Shopping Cart

0

Your shopping bag is empty

Go to the shop

Why I Moved to New York

0 comments
Why I Moved to New York

We’re living in a #goals obsessed generation. Since the rise in social media, erectile and all it’s intricacies; it’s a beautiful thing, but just like anything else that is online, it doesn’t always mean it represents a person’s reality.

giphy-31

Over recent months, I’ve started to notice the word “goals”, being used on posts of stunning couples you can be both happy and a smidgen envious over; #relationshipgoals. Over the 2.4 family who seem to have the perfect life both online and offline taking selfies in the perfect car, owning the perfect dog, and taking the most perfect holidays; #familygoals. Over the women’s fitness babe page where they truly make you question why you’re eating that white chocolate chip cookie whilst scrolling through their posts and not doing a 5k run instead followed by a round of butt clenches; #fitnessgoals, and the list goes on. The term #goals has been used on Instagram over 25 million times and that’s just one social media platform, but since when did “goals” start being based on other peoples lives and lifestyles online? To aspire to be like someone is one thing, to be inspired is another but to actually set that person’s life as the ultimate goal for how you want yours to be from a filtered snapshot is quite concerning.

giphy-36

Truth is, we can feel like we know people online through what they choose to share with us, but the truth is, we are only seeing a fragment of their lives.. Knowing of someone, and knowing them personally are two different things. The definition of the term ‘goals’ in the Webster dictionary is “something to do or achieve”, but these ‘internet goals’ are not reflective of reality in its entirety.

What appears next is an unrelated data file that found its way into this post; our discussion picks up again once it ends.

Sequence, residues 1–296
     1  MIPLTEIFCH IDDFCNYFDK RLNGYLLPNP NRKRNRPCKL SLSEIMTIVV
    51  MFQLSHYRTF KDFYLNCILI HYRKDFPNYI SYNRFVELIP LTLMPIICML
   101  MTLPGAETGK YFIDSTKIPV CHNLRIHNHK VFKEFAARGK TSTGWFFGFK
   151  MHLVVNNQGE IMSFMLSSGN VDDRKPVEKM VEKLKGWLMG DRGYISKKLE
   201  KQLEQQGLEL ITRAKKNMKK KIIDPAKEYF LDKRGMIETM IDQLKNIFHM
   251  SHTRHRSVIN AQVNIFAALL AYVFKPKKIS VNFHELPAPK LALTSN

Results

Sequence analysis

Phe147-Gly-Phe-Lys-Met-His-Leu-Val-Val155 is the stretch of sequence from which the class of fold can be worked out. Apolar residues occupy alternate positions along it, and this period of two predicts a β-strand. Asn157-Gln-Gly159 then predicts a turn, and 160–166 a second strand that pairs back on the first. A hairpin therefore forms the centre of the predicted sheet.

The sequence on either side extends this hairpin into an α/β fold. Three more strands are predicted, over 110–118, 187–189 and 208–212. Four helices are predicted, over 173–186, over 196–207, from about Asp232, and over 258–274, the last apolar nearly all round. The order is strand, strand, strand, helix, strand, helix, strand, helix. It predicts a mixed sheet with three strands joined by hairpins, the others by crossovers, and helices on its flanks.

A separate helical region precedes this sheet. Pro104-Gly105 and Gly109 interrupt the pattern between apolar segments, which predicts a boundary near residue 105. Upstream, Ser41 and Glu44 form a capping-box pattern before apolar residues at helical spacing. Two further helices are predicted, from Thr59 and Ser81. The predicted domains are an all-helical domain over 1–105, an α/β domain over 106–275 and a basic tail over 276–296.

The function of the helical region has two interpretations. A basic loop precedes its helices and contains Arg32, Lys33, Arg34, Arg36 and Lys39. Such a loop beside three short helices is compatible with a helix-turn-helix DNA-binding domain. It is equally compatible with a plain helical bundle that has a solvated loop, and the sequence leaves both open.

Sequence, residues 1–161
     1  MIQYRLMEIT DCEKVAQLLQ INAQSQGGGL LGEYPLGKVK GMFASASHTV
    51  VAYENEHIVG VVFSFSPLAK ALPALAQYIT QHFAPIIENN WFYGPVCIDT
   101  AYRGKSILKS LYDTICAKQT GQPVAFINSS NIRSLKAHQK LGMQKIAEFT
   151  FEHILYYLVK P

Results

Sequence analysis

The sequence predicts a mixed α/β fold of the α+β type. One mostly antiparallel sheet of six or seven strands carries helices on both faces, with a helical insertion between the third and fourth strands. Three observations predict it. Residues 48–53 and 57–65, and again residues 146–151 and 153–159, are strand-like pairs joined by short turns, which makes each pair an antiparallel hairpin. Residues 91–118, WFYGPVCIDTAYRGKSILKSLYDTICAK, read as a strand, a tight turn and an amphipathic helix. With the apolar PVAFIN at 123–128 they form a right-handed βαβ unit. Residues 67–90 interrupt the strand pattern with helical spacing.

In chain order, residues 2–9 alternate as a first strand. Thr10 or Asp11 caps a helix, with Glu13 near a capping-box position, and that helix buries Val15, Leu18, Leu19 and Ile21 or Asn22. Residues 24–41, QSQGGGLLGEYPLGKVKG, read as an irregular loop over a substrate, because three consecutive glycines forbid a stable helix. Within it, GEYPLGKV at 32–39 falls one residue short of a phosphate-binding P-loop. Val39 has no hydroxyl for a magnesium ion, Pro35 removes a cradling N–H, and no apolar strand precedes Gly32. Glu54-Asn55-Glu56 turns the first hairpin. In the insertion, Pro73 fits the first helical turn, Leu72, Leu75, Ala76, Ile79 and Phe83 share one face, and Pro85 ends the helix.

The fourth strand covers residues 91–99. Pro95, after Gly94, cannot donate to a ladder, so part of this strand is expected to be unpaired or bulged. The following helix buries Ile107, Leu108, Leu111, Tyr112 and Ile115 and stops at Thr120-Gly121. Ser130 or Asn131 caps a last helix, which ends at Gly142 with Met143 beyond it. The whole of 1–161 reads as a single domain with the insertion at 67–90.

Goals is something that should be based on where you’re at in YOUR OWN life. Spending more time with family, moving into that dream career, learning that foreign language, opting for a healthier diet, clearing the overdraft, finally saving enough to put a deposit down for the house purchase. No matter how big or small the goal is, it should be reflective of your journey as an individual. It shouldn’t have anything to do with anyone else. That’s often where comparison can come in, and it’s pretty much a slippery slope downwards from there.

giphy-34

The only person you should want to be better than is the person you were yesterday.

People generally only post the best parts of their life and being the brand conscious girl that I am, I can admit that I am guilt of this too; we all are to an extent. So by no means am I knocking it, but when goals are based purely off of a social media portrayal that’s unhealthy and dangerous because it can heighten our unrealistic expectations of life and makes us neglect or reject our own realities.

Written by Kibibe Bailey

Edited by Leomie Anderson
We’re living in a #goals obsessed generation. Since the rise in social media, for sale it’s made it a lot easier to not only keep up with the Kardashians, doctor but the busy lives of other people allowing us to have more access meanwhile using their platform to maintain their brand image and further connect with followers. I for one celebrate social media, pilule and all it’s intricacies, it’s a beautiful thing, but just like anything else that is online, it doesn’t always mean it represents a person’s reality. It’s not only social but can be just the surface of a person or company.

(GIF)